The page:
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How Myers-Briggs INFJ Scores Can Change

The Myers-Briggs scores of INFJs can change over the years, sometimes dramatically. Twelve-year-old INFJs who never turn their homework in when it’s due can, by age 17, become academic achievers. That’s because the childhood years of INFJs are devoted to developing imagination and creativity. They daydream, have just one or two friends, and share their make-believe world with only one or two trusted adults. Between ages 6 and 12, their introverted function occupies the main stage.

In their teen years, INFJs become more extraverted, getting good grades and excelling at sports, acting, or other extracurricular activities. They become conscious of their appearance and want to dress attractively. They take on added responsibility, often holding down part-time jobs. At the same time, being INFJs, they always feel a little out-of-step with their peers. They know they’re different and tend to think that something must be wrong with them.

As teenagers, their feeling preference turns their attention to causes such as animal welfare, human rights, and so on. They become more aware of ways they can help others. They may get so involved in these activities that they have little time for themselves—quite a contrast to the reclusive children they were between ages 6 and 12.

From ages 20 to the mid-thirties, socially approved ambitions take hold. INFJs look for ways to become autonomous, run their own lives, and succeed at their jobs. They learn to be smooth and accomplished in many settings, even though inside they may still feel unsure of themselves.

Many INFJs decide in early adulthood that they were too submissive in their earlier years. The INFJ becomes assertive and sometimes rebellious. Family and friends may be puzzled by the change. What happened to the quiet, accommodating INFJ they used to know?

At the same time, INFJs start to tap into their sensing abilities and put them to work. In their early twenties, they may learn to play the guitar, take up oil painting, or collect antiques. INFJs pursue these new interests with enthusiasm, attentive to the smallest detail. Unlike their former tendency toward introversion, the company of others becomes desirable in their quest for new interests.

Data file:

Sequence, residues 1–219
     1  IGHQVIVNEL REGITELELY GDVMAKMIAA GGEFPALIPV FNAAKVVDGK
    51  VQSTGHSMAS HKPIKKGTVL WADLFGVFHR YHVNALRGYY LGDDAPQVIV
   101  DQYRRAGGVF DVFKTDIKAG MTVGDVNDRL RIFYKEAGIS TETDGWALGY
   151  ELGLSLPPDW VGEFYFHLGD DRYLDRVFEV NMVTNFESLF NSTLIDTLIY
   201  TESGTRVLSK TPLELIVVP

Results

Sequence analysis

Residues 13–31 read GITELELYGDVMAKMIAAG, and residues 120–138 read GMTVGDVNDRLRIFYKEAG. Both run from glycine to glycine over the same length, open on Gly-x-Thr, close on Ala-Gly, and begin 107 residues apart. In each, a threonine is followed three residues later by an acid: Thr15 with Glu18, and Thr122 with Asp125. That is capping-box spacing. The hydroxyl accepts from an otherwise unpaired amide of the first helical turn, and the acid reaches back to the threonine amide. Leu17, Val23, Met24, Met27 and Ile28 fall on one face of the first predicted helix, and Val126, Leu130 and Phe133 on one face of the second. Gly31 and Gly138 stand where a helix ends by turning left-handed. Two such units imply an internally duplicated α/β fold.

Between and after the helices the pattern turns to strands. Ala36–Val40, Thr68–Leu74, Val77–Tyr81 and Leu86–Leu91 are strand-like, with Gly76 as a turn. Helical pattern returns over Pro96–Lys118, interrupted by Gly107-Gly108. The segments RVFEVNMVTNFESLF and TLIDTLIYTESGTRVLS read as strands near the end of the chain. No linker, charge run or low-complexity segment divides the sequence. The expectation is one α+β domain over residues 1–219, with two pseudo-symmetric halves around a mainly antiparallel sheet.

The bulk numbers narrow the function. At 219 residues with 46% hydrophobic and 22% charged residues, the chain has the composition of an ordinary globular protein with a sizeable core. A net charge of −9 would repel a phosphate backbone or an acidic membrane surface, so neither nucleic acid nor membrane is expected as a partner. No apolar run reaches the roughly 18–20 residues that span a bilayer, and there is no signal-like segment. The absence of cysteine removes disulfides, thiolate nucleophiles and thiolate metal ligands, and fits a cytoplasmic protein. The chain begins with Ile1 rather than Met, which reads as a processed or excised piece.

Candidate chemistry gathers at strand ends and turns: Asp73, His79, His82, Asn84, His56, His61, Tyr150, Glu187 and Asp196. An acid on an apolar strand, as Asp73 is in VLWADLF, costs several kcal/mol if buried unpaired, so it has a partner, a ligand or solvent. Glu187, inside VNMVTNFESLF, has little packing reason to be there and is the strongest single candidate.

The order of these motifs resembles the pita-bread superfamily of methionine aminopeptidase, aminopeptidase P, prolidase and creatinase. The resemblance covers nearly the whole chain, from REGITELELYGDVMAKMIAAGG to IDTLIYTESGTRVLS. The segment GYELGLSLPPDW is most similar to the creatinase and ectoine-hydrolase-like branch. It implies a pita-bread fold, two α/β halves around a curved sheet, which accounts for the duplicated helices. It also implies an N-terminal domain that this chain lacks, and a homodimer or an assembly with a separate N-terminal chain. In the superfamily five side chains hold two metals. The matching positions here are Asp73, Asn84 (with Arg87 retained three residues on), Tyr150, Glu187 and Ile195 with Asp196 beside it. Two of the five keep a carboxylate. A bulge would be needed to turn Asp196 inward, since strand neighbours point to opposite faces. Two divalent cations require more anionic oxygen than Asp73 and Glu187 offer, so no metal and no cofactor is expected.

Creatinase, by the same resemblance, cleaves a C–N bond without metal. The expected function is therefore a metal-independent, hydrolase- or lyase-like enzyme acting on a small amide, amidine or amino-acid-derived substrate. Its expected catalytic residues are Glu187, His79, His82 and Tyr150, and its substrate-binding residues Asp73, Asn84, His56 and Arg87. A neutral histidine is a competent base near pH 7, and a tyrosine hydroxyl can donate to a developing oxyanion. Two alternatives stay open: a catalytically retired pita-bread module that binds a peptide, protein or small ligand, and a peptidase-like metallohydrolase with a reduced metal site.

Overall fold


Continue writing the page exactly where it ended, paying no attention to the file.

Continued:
The departure from the ingrained INFJ style serves their overall development well. With time and maturity, the fully evolved person should be proficient in all eight personality functions.

Readers may get the impression that it’s best to develop all the functions equally. According to Carl Jung, the Swiss psychoanalyst who developed personality theory, it doesn’t work this way. If a person dedicates a period of his or her life to, say, sensing and intuition simultaneously, neither function will get the attention and energy needed to become fully developed. The same is true of the other three trait pairs. One of each pair of functions must be dominant at any given time to produce a stable, reliable personality.

The objective of personal development in terms of the Myers-Briggs theory is to have access to each of the mental functions when its use is appropriate. By being able to use the less-preferred functions when they are needed, the person brings more balance to his or her life.

How INFJs Can Lose Out

INFJs walk in the footsteps of such illustrious figures as Carl Jung, Mother Teresa, Nelson Mandela, and Eleanor Roosevelt, to name a few. The path can be challenging. But for INFJs who struggle to evolve throughout their lives, it’s a rewarding one. However, problems can come up if one or more Myers-Briggs functions move to the extreme end of the scale.

• When their expectations aren’t met, the resulting stress damages their ability to function. 

• Their perfectionism can get them in trouble when their perceiving function is too weak to buffer setbacks.

Their idealism can bring them down if people disappoint them.

They can trick themselves into thinking they’re above rules and regulations—a sense of entitlement resulting from their superior grasp of principles and ideas.

They may be intolerant of people who lack their gifts, becoming arrogant and difficult to approach.

They can let their four dominant traits get out of control and lead them into depression.

Expectations

Because their expectations are high and they work hard to achieve them, INFJs stumble when their efforts backfire. Under stress, they’re likely to do more of what they’ve been doing all along, trying to force things to turn out as planned. More of the same is not what’s needed. They need to acknowledge what is and adapt. In situations where their judging function leads them astray, they need to tap into their flexible perceiving function to adapt their expectations and strategies to current realities.